Town lauds famous son, whether real or not
He was a maltreated concubine’s son who grew up to become the “Robin Hood” of Korea’s suffering peasants. Hong Gil-dong, a handsome martial arts fighter against the evil yangban (lords), is Korea’s favorite fictional hero.
But for one town on the southern peninsula, the mighty man is not a fictional character, but a true figure who gives identity to the place. The town is so proud of the hero that it holds an annual festival to celebrate his birth.
According to town lore, Hong was born there in 1443, when the village was called by the same name as today ― Achisil of Jangseong county. Town residents say that aside from their domestic documents, records of Hong Gil-dong have also been found throughout Japan and China.
“His name appears in historical records from the 15th century,” said Kim Cheol-yeong, a researcher and guide at the Hong Gil-dong Cultural Center, where visual and audio displays of the hero are kept.
One of the records is the family tree of Lord Jangjeon, known as the brother of Hong’s wife. Hong’s name is included in the pedigree, which is currently stored at the Yaeyama museum in Ashigaki, Okinawa.
“See, here, you can see clearly in old Korean calligraphy,” Mr. Kim said, pointing at a piece of plastic-covered brown paper. “Hong Gil-dong during the Joseon kingdom’s King Sejong regime,” he read. “King Sejong ruled in the mid-15th century, during the time when Hong lived.”
But didn’t we grow up learning that Hong Gil-dong is merely a character from the first Korean-language novel, “Hong Gil-dong-jeon” by Heo Gyun, an 18th century scholar?
Leading this confused reporter from the display room, Mr. Kim led the way to a room of archives, where more than 2,000 documents on Hong, from comic books to encyclopedias, are kept.
He selected a treatise and books written in the 1960s that apparently proved Hong was an actual person and that the scholar Heo must have heard of his exploits. Heo lived in Gangneung, Gangwon province, a long way from where Hong lived ― that is, of course, if he ever existed.
“This study has been ongoing for a long time, proving the town did not suddenly create a ‘true figure’ story to start up another regional festival,” said Lee Uk, an organizer of this year’s Hong Gil-dong Festival at the Jangseong county office.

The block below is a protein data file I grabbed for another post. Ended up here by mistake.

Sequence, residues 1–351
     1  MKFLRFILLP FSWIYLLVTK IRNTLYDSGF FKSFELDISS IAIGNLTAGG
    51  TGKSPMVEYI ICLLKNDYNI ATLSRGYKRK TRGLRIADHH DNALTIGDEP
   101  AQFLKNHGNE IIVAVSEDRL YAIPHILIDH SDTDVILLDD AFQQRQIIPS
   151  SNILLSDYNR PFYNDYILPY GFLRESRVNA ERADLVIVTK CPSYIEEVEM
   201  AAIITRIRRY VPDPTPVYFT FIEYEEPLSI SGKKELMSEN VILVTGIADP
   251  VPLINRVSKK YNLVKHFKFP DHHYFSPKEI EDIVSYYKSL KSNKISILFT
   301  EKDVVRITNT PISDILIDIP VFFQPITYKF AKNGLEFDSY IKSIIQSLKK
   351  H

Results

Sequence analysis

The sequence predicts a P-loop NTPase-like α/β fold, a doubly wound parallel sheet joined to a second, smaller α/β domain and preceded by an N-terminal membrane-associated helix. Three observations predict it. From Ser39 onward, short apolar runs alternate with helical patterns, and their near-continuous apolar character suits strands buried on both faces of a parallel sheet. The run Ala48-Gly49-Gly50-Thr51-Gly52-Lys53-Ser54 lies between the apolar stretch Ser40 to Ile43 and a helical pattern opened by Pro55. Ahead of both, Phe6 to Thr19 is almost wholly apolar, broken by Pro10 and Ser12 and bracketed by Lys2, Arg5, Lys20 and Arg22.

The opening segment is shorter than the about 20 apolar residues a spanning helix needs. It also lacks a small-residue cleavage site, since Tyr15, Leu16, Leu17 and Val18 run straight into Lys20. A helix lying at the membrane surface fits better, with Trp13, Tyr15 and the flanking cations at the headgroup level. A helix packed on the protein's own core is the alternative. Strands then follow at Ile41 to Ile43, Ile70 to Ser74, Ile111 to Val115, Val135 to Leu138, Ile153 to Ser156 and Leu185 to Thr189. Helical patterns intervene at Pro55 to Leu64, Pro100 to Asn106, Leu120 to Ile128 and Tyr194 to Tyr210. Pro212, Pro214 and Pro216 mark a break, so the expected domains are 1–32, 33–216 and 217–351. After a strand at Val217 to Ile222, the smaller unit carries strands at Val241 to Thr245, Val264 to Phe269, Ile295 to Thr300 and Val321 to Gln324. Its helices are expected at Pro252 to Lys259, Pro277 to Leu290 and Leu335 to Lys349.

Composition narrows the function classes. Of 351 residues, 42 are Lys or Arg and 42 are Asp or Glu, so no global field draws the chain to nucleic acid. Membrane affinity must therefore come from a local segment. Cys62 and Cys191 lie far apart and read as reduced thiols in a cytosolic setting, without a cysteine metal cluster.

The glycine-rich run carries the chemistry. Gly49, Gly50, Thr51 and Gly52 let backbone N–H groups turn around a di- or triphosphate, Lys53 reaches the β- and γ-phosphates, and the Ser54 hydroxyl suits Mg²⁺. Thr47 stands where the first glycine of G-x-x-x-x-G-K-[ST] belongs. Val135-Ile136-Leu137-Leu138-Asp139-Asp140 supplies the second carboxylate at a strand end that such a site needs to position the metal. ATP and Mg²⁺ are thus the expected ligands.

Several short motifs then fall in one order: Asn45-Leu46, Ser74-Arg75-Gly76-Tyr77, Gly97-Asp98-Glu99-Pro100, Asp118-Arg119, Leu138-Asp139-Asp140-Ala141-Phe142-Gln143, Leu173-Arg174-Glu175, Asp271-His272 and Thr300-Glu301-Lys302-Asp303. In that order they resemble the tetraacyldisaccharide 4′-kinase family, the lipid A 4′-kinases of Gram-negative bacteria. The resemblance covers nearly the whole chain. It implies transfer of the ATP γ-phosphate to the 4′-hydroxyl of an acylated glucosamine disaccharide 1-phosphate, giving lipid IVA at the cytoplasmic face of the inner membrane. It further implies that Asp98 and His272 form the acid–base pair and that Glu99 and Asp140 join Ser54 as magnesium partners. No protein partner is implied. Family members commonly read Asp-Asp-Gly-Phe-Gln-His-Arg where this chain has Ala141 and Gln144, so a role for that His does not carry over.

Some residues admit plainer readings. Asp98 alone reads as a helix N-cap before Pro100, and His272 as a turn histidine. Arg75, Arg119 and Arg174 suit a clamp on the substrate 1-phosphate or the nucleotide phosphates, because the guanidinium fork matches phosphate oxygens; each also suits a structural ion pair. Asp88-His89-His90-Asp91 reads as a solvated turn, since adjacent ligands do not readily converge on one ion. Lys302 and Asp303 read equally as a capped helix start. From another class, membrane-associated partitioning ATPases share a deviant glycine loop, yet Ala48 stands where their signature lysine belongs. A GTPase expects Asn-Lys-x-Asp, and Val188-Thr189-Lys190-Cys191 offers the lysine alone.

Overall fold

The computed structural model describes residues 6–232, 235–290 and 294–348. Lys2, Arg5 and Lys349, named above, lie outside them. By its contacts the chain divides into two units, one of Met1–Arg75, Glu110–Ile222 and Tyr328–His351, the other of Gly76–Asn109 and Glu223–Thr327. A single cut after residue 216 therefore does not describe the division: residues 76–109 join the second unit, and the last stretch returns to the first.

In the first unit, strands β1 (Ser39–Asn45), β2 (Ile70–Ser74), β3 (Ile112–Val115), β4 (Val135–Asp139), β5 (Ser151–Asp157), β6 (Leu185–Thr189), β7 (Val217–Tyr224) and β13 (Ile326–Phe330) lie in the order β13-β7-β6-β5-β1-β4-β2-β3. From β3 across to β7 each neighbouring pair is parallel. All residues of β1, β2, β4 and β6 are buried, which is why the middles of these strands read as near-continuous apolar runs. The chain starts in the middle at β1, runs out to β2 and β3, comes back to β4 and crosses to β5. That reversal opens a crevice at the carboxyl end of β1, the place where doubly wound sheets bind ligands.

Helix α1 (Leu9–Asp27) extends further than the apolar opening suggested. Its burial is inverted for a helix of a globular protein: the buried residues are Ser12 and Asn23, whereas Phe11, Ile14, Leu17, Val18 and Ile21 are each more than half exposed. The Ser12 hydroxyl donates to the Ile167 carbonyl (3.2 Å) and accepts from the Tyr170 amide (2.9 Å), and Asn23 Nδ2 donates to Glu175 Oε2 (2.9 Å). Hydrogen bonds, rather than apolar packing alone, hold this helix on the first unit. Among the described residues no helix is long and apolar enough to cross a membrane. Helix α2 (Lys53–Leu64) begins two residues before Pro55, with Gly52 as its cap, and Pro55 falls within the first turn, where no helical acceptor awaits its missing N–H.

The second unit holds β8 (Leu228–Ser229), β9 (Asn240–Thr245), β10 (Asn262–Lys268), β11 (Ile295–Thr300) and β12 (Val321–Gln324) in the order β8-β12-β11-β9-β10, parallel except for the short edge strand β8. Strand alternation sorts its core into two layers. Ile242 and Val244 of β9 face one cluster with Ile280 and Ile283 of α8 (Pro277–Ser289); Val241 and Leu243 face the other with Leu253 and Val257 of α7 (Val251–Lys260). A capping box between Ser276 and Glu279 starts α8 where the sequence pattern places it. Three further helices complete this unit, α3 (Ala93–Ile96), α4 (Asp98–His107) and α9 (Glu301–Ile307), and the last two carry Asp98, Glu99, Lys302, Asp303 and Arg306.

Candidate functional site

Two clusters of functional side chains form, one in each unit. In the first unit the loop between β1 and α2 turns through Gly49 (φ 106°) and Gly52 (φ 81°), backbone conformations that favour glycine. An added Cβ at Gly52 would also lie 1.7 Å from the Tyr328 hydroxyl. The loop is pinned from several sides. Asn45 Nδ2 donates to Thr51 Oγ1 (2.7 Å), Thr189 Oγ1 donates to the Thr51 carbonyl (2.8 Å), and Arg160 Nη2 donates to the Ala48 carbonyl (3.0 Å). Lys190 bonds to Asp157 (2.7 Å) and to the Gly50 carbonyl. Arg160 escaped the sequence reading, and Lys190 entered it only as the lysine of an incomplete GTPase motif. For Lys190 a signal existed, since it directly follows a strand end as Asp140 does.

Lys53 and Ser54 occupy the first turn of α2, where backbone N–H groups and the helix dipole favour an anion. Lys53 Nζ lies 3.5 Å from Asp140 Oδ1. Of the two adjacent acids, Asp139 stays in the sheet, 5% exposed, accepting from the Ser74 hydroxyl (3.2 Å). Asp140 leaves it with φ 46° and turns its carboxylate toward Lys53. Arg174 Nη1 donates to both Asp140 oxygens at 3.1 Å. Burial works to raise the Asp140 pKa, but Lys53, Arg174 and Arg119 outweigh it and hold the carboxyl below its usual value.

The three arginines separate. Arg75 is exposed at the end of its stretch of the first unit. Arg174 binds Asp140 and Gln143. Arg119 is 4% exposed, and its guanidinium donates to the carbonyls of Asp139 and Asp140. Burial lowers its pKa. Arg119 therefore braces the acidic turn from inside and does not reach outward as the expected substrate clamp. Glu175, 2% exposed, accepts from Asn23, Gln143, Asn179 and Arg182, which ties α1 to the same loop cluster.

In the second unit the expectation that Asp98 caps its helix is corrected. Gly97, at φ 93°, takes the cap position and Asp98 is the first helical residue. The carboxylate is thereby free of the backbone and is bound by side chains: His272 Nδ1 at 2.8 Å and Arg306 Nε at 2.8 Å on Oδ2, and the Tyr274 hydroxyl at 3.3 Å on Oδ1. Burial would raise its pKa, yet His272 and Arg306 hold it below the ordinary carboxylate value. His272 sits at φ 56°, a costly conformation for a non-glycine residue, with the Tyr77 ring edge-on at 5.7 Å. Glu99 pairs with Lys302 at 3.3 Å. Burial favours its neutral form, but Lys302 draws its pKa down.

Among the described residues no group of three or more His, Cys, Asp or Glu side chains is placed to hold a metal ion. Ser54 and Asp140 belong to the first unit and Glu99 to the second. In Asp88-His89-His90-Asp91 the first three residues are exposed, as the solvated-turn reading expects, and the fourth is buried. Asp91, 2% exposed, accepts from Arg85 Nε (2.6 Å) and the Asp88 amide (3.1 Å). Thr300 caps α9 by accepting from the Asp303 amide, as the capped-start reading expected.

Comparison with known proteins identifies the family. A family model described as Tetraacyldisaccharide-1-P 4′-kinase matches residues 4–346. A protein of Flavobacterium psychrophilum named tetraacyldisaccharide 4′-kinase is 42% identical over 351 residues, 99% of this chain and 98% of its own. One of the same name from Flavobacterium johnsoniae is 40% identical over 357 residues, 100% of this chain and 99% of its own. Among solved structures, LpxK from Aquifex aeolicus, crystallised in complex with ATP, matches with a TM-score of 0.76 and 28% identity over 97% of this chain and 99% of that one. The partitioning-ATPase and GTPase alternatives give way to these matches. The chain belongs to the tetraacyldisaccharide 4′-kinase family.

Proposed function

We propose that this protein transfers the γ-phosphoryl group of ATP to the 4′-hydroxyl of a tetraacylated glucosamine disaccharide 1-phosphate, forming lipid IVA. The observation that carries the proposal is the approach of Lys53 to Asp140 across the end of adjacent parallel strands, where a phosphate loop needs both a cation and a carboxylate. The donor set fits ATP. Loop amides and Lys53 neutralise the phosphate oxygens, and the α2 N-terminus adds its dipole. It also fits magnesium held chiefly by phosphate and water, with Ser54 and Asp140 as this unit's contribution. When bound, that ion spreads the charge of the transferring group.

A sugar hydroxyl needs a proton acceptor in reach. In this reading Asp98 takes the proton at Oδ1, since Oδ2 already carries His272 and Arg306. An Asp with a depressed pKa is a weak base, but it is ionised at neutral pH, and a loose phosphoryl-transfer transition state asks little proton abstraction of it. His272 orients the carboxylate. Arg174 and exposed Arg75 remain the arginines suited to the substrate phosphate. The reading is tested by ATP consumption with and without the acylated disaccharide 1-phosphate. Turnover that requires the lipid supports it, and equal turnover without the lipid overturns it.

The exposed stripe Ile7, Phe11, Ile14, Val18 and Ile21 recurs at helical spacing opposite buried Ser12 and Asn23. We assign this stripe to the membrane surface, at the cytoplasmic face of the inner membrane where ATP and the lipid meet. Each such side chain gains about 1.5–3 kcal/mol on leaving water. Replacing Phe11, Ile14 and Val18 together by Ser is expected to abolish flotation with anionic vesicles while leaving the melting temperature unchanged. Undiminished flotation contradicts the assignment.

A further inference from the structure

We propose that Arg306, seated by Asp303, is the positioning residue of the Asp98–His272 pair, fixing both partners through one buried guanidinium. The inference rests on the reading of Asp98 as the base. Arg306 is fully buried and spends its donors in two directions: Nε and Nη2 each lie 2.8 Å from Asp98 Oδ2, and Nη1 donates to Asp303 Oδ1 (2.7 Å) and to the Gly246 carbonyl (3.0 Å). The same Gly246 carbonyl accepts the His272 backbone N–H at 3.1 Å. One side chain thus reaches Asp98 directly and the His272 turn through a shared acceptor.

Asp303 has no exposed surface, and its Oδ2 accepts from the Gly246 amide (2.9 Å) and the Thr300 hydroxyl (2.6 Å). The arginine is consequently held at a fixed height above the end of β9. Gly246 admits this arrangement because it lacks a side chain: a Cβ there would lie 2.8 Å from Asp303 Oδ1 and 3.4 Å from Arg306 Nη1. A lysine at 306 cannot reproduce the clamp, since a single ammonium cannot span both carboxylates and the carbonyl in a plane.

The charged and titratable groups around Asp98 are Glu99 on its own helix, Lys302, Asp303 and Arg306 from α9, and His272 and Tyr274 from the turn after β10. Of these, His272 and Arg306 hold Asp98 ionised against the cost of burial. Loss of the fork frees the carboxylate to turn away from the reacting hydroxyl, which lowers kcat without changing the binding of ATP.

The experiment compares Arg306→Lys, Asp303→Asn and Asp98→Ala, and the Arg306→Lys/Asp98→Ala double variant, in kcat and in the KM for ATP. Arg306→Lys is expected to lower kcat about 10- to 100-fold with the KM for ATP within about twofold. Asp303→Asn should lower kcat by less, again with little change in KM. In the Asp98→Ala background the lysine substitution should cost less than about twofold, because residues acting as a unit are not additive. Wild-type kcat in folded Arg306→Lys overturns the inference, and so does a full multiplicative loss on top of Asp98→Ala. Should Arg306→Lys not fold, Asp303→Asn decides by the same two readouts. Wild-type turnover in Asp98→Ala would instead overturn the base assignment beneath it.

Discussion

Since 1997, the country has run a Hong Gil-dong Festival the first weekend of every May. Construction is underway for a theme park near Hong’s purported birthplace, planned to open in 2010.
Meanwhile, Gangneung holds a Heo Gyun Cultural Festival every year to celebrate the author of the novel. The city bought the birthplace of the scholar and land around it to build facilities for the festival.
Jangseong claims an associated famous “birthplace” as well ― the house of Hong Sang-jik, Gil-dong’s father. With help from the Chonnam National University Museum, the county restored the traditional hanok house and a grassy yard of 3,035 square meters (32,665 square feet). Beside the main building, a shabby hut was built as a replica of where Hong Gil-dong’s mother supposedly lived and gave birth to him.
“She was lower than an average concubine, just a female servant,” said Mr. Kim. He added that explained why Gil-dong’s name does not appear in the “Namyang Hong” pedigree, a record of the male Hongs. Sons of concubines were often omitted from such records.
According to the novel, Hong was angry about such mistreatment and left home. He fought and stole from the rich to help the poor. He then went off to near what is now Okinawa in search of an equitable, classless society ― a reason why data on Hong, or a similar figure, appears in Okinawa.
Maybe there really was such a person centuries ago.
Hong is described as a man who could perform swashbuckling martial arts moves and even disappear from sight when he was in danger. But isn’t that typical of most super heroes found in other countries?
“Well, Hong Gil-dong was a beloved character throughout history and people wrote stories about him in many different versions,” Mr. Kim said. “During the Japanese colonial period, there were stories about ‘Kim Gil-dong’ who went around punishing the Japanese occupiers more cruelly than a normal Hong Gil-dong would.”
Geumgok Yeonghwa Maeul
The town has appeared as a backdrop in several Korean films, including Im Kwon-taek’s 1994 “Taebaeksanmaek,” or “Taebaek Mountains,” and Lee Young-jae’s 1998 “The Harmonium in My Memory.”
The town, now known as “Film Village,” was founded in 1698 by the Hahn family. Only 23 families currently reside there.
Trip Highlights: Baegyang Temple
The temple lies on the slopes of Mt. Naejang National Park, a verdant area known for its blooming flowers in spring, lush green colors in summer, abundant crimson and gold-tinted leaves in autumn and snowy white landscape during winter.
Built in AD 632, Baegyangsa, literally meaning White Sheep’s temple, is a head temple of the Jogye Order of Korean Buddhism. The name refers to a legend from the Goryeo kingdom period of a white sheep that came down from the mountain to listen to a sermon.
This forest is famous with hikers for a beautiful trail between the trees. Because of the densely-packed trees, the forest stays cool even during the humid month of August.
The mountain was little-known until recently and not even on maps because it is owned by a private company who started planting the trees to decorate the mountain. The county began promoting it and is seeking to make it into a tourist attraction.
by Lee Min-a
The Hong Gil-dong Festival runs from today and throughout the weekend in Jangseong. Events include a marathon, traditional percussion concert, drawing contest and a male pageant. For more information, visit: www.jangseong.jeonnam.kr.